Ince was once criss-crossed by railway lines on the London and North Western Railway's Warrington to Wigan, Eccles to Wigan, Wigan to St Helens and Springs Branch to Haigh and Aspull lines, the Lancashire and Yorkshire Railway's Bury to Liverpool line and the Great Central Railway line from Glazebrook to Wigan (on which Lower Ince station was located, between 1884 and 1964); as well as local colliery lines.[8]

The Leeds and Liverpool Canal passes through Higher Ince and 16 of the Wigan flight of locks are within the township.[8]

Industry

Ince had a railway wagon works until 1980. First opened in the 1870s by Richard & John Olive it became the Ince Waggon & Iron Works Co. in July 1883. In January 1933 it came under control of the Central Wagon Company who owned it until closure.[10] As the need for new build wagons diminished in the 1960s the company continued to repair wagons but also diversified to scrap redundant British Railways rolling stock (wagons and carriages) and steam locomotives.[11] It is recorded that they cut up qty 315 BR steam locomotives from the mid to late 1960s.[12]

See also

References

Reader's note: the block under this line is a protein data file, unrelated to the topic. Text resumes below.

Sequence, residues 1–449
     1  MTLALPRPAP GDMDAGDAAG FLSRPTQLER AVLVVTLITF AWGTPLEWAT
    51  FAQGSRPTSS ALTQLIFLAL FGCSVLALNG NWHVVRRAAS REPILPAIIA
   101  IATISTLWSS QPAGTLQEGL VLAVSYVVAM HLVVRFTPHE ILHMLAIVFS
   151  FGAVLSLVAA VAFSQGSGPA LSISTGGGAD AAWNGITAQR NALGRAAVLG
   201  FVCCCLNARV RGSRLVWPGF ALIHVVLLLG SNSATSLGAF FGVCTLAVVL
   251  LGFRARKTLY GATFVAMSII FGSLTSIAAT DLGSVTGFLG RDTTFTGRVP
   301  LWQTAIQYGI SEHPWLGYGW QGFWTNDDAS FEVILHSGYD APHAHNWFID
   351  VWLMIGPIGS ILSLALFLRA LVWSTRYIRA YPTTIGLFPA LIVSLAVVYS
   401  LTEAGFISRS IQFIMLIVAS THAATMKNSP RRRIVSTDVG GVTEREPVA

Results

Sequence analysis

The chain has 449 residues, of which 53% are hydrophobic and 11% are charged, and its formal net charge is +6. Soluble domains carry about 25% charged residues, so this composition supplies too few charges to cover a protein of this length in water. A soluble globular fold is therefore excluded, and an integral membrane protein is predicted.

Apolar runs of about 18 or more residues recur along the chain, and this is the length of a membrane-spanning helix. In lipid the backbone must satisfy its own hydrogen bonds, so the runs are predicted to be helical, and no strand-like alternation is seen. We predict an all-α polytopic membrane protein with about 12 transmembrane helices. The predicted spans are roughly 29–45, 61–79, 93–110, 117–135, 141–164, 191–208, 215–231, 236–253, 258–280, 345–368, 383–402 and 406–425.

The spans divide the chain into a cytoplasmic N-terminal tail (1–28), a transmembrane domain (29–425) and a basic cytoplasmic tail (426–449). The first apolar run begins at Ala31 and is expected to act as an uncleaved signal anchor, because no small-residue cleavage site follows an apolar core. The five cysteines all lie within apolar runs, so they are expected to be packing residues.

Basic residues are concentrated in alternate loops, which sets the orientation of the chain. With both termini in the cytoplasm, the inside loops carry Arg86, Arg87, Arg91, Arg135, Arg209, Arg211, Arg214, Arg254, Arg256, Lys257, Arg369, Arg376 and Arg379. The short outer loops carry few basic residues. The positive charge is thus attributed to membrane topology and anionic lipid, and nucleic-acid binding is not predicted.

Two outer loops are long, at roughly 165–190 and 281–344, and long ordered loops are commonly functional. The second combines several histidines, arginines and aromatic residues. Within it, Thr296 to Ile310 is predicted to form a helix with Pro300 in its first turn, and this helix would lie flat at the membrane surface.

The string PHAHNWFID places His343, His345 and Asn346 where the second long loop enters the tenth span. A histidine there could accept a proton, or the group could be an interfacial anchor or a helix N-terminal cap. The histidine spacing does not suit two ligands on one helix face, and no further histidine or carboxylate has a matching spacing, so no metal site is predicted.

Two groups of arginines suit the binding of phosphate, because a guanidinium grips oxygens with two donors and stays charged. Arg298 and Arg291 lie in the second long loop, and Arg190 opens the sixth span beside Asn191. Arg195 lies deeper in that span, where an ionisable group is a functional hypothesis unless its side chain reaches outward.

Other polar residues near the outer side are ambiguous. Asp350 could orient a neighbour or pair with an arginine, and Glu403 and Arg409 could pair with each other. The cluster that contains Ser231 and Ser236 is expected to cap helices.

1. ^ "Ince-in-Makerfield, Wigan - area information, map, walks and more". OS GetOutside.
  2. ^ Services, Good Stuff IT. "Ince - UK Census Data 2011". UK Census Data.
  3. ^ Services, Good Stuff IT. "Abram - UK Census Data 2011". UK Census Data.
  4. ^ James, Alan. "A Guide to the Place-Name Evidence" (PDF). SPNS - The Brittonic Language in the Old North. Archived from the original (PDF) on 13 August 2017. Retrieved 25 November 2018.
  5. ^ a b "Townships: Ince - British History Online". www.british-history.ac.uk.
  6. ^ a b c Lewis, Samuel, ed. (1848), "Illington - Ingatestone", A Topographical Dictionary of England, British History Online, pp. 608–611, retrieved 3 June 2011
  7. ^ Farrer, William; Brownbill, J, eds. (1907), "Ince", A History of the County of Lancaster, Volume 4, Victoria County History, pp. 101–106, retrieved 17 December 2012
  8. ^ a b c Ashmore 1982, p. 101
  9. ^ "National Rail Enquiries - Station facilities for Ince (Manchester)". www.nationalrail.co.uk.
  10. ^ Sambrook, Chris (2007). British Carriage & Wagon Builders & Repairers 1839-2006. Lightmoor Press. ISBN 978-1-899889-27-3.
  11. ^ Clarke, John (June 1966). "At Journey's End: The breakers yard, where locomotives, wagons and carriages meet ignominious destruction". Railway Magazine. Vol. 112 no. 782. pp. 316–319.
  12. ^ "RAILUK".

Bibliography

  • Ashmore, Owen (1982), The Industrial archaeology of North-west England, Manchester University Press, ISBN 0-7190-0820-4

External links

This page was last edited on 12 February 2021, at 12:51